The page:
Armless enough - One decision you might make at this stage is whether or not to glue the arms and shoulder pad of your models.  Gluing the arms before priming and painting will make the model very 'closed', that is, the position of the arms will make it tricky to access the body of the model with a paintbrush.  For this squad I did glue the arms on and I had enough difficulty to make me want to try 'arms-off' for my next project.  It does mean I'll need to prime and paint those parts separately which creates it's own challenges.  I'll let you know in a future post how much additional 'faffing about'  is involved but in the meantime I'll let you grapple with that choice.

Conversions - The only very minor conversion I did was to change the angle of the hand on one fire warrior so the palm was facing down rather than up.  This gave him a more natural final pose.  To do this find the extended left arm on the sprue (all of the other 3 are bent at the elbow) and remove it.  Carefully cut the hand at the wrist using a sharp craft knife and glue it back in place with the top of the hand facing more towards the front. Simple!

Step 2 - Basing

I apply very slightly thinned PVA wood glue to the base with an old brush and then submerge the base into sand, shaking off the excess.  Then I leave to dry overnight. That's it for the base until all the figure painting is complete.

I thin the PVA very slightly with a couple of drops of water otherwise I've noticed it can start to peel as it dries and shrinks. If yours does that then just apply a bit more glue to the underside of the affected area and re-stick to the base.

Don't get too hung up about your choice of sand (you can buy a huge bag from your local hardware store for about £2 and it'll keep you going for years!) but try and mix a little bit of fine gravel in so you've got some different sizes in there.  The rubble kit I used actually had too much large gravel so I'm going to go finer next time. On the subject of wood glue, I get mine from the 99p store and it's the exact same as the citadel stuff which is over £5!

Step 3 - Priming

I primed with Citadel Chaos Black spray which is expensive at about £9 per can but very good.  All of the advice that you've ever read about primer's applies here.  Less is better than more, so apply 2 to 3 thin coats rather than one thick coat which can obscure the detail on the mini.  I try and keep the spray around 30cm(12 inches) away from the models.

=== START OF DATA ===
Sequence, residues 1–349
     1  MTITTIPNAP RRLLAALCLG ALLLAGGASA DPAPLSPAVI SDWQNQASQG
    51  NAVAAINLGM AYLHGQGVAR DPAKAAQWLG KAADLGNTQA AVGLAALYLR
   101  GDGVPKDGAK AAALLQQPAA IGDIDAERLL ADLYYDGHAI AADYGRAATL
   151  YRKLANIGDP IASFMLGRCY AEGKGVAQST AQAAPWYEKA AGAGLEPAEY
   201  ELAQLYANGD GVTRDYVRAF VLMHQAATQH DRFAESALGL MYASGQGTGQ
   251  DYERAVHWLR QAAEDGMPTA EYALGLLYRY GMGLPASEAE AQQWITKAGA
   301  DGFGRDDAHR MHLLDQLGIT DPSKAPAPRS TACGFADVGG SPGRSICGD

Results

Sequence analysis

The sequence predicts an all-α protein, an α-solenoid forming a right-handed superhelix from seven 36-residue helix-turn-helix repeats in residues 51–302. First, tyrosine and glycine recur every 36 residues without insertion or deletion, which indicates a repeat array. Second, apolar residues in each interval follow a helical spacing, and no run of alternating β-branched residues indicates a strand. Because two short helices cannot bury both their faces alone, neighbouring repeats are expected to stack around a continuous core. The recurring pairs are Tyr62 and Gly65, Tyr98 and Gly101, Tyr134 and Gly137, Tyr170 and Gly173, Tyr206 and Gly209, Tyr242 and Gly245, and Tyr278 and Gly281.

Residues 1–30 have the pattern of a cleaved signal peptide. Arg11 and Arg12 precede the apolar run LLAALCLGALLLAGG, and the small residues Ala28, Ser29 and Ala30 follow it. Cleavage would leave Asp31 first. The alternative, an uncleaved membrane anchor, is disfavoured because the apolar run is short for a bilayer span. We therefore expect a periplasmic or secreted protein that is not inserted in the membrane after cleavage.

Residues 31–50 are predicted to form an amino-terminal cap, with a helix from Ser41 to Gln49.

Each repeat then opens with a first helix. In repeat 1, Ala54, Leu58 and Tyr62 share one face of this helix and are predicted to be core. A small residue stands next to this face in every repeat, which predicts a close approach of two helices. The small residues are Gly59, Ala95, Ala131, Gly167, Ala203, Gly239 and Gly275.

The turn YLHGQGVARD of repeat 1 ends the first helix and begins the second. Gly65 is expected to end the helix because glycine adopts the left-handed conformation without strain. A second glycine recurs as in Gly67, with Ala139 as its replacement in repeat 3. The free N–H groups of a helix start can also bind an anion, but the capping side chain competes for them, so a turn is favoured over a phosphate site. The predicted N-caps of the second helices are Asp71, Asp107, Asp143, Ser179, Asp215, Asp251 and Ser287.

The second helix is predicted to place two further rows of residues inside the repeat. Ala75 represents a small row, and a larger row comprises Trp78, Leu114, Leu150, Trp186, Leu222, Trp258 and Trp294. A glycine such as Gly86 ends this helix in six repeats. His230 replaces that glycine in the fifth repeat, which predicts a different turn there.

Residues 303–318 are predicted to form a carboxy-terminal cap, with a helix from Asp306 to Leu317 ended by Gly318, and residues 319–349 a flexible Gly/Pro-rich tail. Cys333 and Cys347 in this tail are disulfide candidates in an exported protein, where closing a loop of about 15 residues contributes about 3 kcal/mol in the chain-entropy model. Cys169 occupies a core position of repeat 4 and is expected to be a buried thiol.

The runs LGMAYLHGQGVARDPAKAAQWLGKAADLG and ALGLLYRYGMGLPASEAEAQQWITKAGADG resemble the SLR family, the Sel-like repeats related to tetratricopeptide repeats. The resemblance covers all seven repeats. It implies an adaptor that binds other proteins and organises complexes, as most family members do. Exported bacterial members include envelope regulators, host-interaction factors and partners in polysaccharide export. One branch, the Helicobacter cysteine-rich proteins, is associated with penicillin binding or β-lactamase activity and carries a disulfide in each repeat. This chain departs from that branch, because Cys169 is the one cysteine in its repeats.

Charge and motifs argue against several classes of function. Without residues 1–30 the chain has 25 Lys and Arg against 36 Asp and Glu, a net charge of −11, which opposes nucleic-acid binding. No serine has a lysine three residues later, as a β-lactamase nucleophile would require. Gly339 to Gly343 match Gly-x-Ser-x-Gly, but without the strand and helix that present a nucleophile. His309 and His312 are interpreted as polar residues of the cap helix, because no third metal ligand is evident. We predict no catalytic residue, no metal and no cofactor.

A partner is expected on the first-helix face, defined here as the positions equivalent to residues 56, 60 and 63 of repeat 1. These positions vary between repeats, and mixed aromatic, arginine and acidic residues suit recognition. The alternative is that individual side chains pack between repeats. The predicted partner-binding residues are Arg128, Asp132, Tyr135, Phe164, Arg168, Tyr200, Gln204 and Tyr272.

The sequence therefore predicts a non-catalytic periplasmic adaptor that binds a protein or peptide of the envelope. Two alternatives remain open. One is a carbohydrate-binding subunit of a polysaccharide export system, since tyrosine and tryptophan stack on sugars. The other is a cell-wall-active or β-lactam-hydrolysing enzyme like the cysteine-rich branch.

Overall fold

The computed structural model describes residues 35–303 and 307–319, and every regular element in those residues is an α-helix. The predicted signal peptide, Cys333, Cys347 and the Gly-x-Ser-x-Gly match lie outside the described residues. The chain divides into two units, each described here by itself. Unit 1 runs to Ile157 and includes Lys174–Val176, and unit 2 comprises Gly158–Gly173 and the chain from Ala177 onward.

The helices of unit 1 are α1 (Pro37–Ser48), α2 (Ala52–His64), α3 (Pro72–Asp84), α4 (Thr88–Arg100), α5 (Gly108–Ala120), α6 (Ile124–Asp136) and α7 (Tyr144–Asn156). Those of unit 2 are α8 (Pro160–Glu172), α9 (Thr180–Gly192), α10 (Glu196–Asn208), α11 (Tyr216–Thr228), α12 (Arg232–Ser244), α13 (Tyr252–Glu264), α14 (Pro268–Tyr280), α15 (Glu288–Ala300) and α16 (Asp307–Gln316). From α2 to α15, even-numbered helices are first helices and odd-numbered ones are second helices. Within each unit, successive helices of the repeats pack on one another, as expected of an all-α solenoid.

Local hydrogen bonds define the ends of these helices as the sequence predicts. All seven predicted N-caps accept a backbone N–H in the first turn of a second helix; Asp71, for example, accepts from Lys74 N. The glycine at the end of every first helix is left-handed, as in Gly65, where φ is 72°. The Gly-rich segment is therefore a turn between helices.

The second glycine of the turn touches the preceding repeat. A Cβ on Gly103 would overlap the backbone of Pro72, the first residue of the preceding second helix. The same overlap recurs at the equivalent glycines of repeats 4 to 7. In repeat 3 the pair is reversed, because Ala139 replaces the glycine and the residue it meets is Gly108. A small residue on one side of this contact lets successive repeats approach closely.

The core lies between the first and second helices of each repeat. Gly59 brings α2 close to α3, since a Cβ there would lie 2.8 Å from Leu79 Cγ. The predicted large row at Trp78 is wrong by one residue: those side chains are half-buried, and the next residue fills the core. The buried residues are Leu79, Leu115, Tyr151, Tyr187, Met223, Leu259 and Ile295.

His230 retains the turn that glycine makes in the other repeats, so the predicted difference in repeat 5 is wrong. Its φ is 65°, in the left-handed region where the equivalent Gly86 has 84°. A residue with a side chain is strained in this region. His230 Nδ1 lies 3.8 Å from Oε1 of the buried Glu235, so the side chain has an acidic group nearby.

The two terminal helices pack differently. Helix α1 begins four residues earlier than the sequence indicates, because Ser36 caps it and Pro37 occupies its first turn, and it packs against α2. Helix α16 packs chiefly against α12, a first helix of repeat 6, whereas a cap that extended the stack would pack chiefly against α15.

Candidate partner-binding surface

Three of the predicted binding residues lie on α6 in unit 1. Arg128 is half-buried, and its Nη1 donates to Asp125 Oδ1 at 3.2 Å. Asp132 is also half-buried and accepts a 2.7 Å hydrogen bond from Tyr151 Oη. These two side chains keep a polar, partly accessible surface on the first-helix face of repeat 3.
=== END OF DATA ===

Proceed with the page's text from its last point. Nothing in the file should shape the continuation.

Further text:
I place the mini's face down for the first coat, let them dry for 15 minutes or so, carefully turn them over and spray the other side, until I'm happy with the coverage.  Don't necessarily aim for 100% coverage, but try and make sure the bits of the model that will be handled are covered. The underside of the model and things like creases, cracks in the armour etc aren't as subject to as much wear and tear so you don't have to drown all the detail on the mini trying to get to them!

Only use aerosols outside!  I use an old table from a garden furniture set covered with newspaper.  Oh and don't use spray primer in the rain or even in damp conditions which can cause it to 'fuzz'. You've been warned!

Step 4 - The Primary colour basecoat

After leaving the primer to dry for at least a couple of hours I base-coated the entire squad with Army Painter Skeleton Bone spray which I picked up for about £9.  I actually found it a bit on the heavy side, that's to say the paint went on a bit thick for my liking.  It's meant to be a primer in it's own right so you could probably use it without the Chaos Black.  If you do, let me know what you think.  In any case I applied 2 coats as thinly as I could. Same rules apply as the primer in terms of distance and spraying conditions.

If you don't fancy using the Army Painter spray then Kommando Khaki from Citadel is a good substitute although it is a couple of shades darker and doesn't come as a spray.  You may also want to change the primer to Skull White to brighten up the Kommando Khaki a bit.

Step 5 - The Wash

I love this stage, partly because it's so quick and immediate, but mainly because all of the hard work you're putting into these models finally starts to pay off.  I use a slightly thinned Devlan Mud wash over the entire model using the Citadel wash brush, but in honesty any brush of a similar size will be fine for this job. The wash reveals all of the details on the model and gives an great sense of what the miniatures will look like when they're all finished.  The revealed detail also gives you a great guide of where you're painting which is helpful for the next step...

Step 6 - Secondary Colour and rifle